Back to the Learning Center

By: Scott Grossman on September 15th, 2016

Trustee Fraud: An Overview of “Trustee De Son Tort”

Sometimes, in the course of a California trust administration, fraud committed by a trustee is discovered. This fraud can harm beneficiaries and reduce the inheritance that they otherwise would have received. Fortunately, victims can pursue an action against the trustee. California beneficiaries can sue a third party who assisted the trustee in breaching the trust. This is referred to as “trustee de son tort” because the third party was attempting to act as a trustee without authority.

What exactly is trustee de son tort? Trustee Fraud. The following are some highlights:

  • A person who wrongfully holds themselves out as a trustee and exercises authority over property can be treated as a trustee and therefore sued for breach of duty in California.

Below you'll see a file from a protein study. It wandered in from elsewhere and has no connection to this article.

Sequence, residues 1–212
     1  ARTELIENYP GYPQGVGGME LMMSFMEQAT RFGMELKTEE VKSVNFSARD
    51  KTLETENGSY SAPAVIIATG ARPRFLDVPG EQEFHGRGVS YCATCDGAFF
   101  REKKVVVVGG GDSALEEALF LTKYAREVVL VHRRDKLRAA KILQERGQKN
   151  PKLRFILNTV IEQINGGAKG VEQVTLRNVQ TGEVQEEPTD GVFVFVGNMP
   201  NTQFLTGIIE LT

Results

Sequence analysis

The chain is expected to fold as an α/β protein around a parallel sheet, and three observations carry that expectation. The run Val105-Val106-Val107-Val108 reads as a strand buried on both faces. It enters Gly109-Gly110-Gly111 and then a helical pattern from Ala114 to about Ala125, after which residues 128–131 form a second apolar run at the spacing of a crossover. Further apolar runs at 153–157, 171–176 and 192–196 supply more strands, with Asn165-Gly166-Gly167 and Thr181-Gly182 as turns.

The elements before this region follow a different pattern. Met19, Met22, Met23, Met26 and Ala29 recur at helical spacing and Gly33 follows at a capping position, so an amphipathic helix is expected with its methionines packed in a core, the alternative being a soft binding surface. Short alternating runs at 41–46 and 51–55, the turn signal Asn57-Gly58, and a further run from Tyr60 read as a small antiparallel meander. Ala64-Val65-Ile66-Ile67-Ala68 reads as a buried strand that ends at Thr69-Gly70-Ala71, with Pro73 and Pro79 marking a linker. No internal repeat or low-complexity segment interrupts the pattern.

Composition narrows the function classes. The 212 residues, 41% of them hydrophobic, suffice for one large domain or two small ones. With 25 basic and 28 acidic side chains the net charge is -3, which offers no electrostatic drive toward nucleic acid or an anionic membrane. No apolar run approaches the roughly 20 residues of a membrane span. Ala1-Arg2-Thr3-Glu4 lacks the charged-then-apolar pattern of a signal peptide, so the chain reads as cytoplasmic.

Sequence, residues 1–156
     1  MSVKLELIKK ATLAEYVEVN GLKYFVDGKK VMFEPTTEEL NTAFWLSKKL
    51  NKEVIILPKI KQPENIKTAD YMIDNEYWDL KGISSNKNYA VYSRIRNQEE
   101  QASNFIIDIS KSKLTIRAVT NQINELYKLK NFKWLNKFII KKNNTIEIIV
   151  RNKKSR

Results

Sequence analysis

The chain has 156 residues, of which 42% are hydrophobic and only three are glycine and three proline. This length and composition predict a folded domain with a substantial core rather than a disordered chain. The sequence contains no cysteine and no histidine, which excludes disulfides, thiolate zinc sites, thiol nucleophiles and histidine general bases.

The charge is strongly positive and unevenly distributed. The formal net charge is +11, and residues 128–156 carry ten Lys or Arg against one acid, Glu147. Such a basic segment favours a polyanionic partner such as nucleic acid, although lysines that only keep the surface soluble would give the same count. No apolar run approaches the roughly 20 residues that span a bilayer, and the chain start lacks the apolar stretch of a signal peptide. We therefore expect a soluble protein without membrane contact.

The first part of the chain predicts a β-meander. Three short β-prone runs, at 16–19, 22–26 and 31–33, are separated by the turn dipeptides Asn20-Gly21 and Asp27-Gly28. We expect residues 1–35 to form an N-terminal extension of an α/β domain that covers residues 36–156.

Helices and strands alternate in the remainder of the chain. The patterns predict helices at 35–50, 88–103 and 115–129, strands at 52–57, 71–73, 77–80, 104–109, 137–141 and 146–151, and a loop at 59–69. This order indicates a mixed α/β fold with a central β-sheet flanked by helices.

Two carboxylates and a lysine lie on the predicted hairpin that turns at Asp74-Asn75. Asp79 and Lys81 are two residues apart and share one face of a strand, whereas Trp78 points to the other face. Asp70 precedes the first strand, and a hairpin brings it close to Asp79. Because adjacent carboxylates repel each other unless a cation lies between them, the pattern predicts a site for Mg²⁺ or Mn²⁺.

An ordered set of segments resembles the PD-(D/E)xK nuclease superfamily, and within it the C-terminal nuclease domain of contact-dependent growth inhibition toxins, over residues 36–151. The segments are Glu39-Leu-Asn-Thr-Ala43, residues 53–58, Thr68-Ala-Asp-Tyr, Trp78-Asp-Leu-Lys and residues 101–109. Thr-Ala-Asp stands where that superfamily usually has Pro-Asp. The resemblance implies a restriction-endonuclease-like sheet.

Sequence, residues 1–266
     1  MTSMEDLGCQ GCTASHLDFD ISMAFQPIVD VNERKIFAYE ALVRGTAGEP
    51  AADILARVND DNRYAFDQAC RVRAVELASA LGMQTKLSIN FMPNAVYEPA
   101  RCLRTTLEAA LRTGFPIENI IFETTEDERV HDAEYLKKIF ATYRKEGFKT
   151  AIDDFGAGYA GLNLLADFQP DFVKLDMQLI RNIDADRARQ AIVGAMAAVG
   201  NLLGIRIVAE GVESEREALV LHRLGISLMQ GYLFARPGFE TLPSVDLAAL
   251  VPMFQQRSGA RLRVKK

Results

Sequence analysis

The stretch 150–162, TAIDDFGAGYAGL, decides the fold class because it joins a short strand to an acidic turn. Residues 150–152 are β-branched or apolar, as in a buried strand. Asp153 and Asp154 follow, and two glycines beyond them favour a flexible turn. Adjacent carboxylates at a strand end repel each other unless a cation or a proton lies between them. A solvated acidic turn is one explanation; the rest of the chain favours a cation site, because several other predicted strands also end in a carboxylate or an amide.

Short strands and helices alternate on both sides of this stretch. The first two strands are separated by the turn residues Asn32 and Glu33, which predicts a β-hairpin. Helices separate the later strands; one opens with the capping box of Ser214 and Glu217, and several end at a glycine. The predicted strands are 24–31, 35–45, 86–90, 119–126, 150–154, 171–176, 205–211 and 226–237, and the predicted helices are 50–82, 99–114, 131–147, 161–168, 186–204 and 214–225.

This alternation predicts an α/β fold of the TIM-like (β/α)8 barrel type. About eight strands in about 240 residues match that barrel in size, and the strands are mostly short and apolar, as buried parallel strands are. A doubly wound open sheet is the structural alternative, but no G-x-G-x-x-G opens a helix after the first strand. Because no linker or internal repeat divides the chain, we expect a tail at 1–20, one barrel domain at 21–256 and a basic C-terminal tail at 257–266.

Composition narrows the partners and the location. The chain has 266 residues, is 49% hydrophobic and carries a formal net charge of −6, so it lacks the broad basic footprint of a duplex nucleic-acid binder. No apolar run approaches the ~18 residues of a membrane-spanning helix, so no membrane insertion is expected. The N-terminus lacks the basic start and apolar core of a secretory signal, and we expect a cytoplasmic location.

• California courts have held that a person should not have the ability to assume the rights and benefits of being a trustee without also accepting the responsibilities that come with that role.
  • A trustee de son tort is someone who becomes a trustee without having a right to do so. He or she becomes a trustee by inter-meddling with trust property without authority.
  • A trustee de son tort is typically not entitled to a trustee’s fee.
  • A beneficiary can bring a claim against a third party who participated in a trustee’s breach of trust even if a successor trustee has subsequently been appointed.
  • A beneficiary can also bring a claim against the third party and the trustee simultaneously in a trustee de son tort situation.
  • The beneficiary does not have to provide any evidence of a conspiracy to prove the trustee de son tort claim.

Regardless of whether your matter involves a claim against a current, former, or de son tort trustee, our office is here to help.

If you are ready to start your case, then please give us a call or fill out our Get Help Now form.  If you want a comprehensive overview of California Probate, then click here. Should you have additional questions about trust litigation, then you will find plenty of useful information in our Learning Center.